Ontario is balancing the budget for the first time since the 2008–09 global recession — while strengthening vital programs and services. Balancing the budget allows us to invest more in health care, education and other priorities. A balanced budget adds stability to our finances and positions us to better respond to demographic challenges and unexpected global economic change.

We continue to plan for long-term economic growth. To ensure everyone shares in this prosperity, we will continue to work with partners across regions and sectors to create jobs and strengthen communities. By investing in priorities like health care and education, we’re helping to make sure people can get ahead which helps our economy stay ahead, too.

The path forward

In 2009-2010: 19.3 billion, in 2011-2012: 13 billion, in 2014-2015: 10.3 billion, in 2015-2016: 3.5 billion, in 2016-2017: 1.5 billion, in 2017-2018: $0

We are projecting balanced budgets in 2018−19 and 2019−20. Maintaining balance means more world-class public services and programs — like free prescription drug coverage for everyone aged 24 and under. We’re continuing to review our programs and services to make sure we deliver the best results at the lowest cost, benefiting more people across the province.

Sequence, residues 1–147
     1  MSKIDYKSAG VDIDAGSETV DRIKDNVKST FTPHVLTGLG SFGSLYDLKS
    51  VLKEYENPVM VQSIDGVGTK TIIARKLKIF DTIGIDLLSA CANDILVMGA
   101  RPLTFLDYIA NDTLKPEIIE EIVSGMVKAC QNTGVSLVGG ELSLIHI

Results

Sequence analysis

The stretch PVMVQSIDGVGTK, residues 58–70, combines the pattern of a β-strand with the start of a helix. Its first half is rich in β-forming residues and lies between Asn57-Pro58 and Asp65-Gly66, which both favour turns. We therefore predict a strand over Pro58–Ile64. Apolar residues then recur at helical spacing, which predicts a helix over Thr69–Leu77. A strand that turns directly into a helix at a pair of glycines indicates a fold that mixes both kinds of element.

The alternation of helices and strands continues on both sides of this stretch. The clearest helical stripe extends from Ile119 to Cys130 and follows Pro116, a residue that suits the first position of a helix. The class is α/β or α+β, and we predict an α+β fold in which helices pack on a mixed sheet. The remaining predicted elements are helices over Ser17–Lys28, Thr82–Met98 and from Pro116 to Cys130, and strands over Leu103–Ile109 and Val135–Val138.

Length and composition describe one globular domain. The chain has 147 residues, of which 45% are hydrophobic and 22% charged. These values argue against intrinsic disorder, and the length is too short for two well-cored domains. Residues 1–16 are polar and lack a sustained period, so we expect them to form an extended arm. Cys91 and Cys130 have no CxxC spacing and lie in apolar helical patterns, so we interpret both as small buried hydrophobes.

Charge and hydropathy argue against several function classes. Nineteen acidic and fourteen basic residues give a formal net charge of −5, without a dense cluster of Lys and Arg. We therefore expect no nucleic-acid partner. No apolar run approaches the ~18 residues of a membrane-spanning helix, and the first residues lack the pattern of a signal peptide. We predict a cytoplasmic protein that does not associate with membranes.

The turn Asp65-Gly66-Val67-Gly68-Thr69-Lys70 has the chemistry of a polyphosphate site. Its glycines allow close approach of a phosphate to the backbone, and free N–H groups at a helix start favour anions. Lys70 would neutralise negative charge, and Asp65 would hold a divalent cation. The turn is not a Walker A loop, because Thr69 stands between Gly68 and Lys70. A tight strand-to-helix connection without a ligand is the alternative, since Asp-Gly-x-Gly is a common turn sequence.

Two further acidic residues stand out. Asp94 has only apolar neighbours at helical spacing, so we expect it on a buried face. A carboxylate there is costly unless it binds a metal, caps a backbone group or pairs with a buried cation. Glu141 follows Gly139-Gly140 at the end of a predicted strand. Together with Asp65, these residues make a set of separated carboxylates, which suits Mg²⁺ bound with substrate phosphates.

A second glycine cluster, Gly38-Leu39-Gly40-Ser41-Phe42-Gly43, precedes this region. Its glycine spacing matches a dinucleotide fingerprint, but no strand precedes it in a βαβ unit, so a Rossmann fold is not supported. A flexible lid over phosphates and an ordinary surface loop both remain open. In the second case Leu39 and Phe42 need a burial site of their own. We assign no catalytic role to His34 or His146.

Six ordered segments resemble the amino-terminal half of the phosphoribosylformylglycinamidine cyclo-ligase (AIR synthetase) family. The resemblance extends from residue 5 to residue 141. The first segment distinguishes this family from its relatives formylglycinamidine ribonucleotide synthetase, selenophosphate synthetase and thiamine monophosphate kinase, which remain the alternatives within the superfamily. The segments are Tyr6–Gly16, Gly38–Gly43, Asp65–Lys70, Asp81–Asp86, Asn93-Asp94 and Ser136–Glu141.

Ontario’s unemployment rate 2014-2016







Source: Ministry of Finance

More people are working - Our unemployment rate is the lowest it’s been since 2007

Economic performance

Ontario’s economy continues to grow. Our province’s growth has not only outpaced Canada’s, but also that of all G7 countries over the last 3 years. Since the recession, nearly 700,000 jobs have been created, with real GDP growth of more than 19%. Our 2016 unemployment rate was the lowest since 2007 and trade has become more diversified.

Real GDP growth Ontario vs. G7 countries 2014-2016 - Average Annual Percent

















Source: Ministry of Finance

Ontario’s growth has outspaced all G7 countries over the last 3 years.

Debt management

Debt is incurred primarily for two reasons: to finance deficits and invest in building capital assets. A balanced budget means the government no longer needs to borrow to pay for its operating costs and can focus its borrowing for capital investments — which spur economic growth and improve quality of life for people today and future generations.


Net debt-to-GDP

The balanced budget and the government’s continued focus on capital investment will add to economic growth, helping to lower the net debt-to-GDP ratio to the government’s pre-recession level of 27%. In the balanced 2017 Budget, the government is setting an interim target to reduce the net debt-to-GDP ratio to 35% by 2023–24.

Interest on debt

With a balanced budget, more revenue can be spent on priorities like health care and education, and less on interest. The 2010 Budget forecast that, by 2017–18, the Province would need to spend 11.3 cents of every revenue dollar received on interest. The current forecast is 3.1 cents lower, at 8.2 cents of interest costs for every dollar of revenue.

Learn more in the 2017 Ontario Budget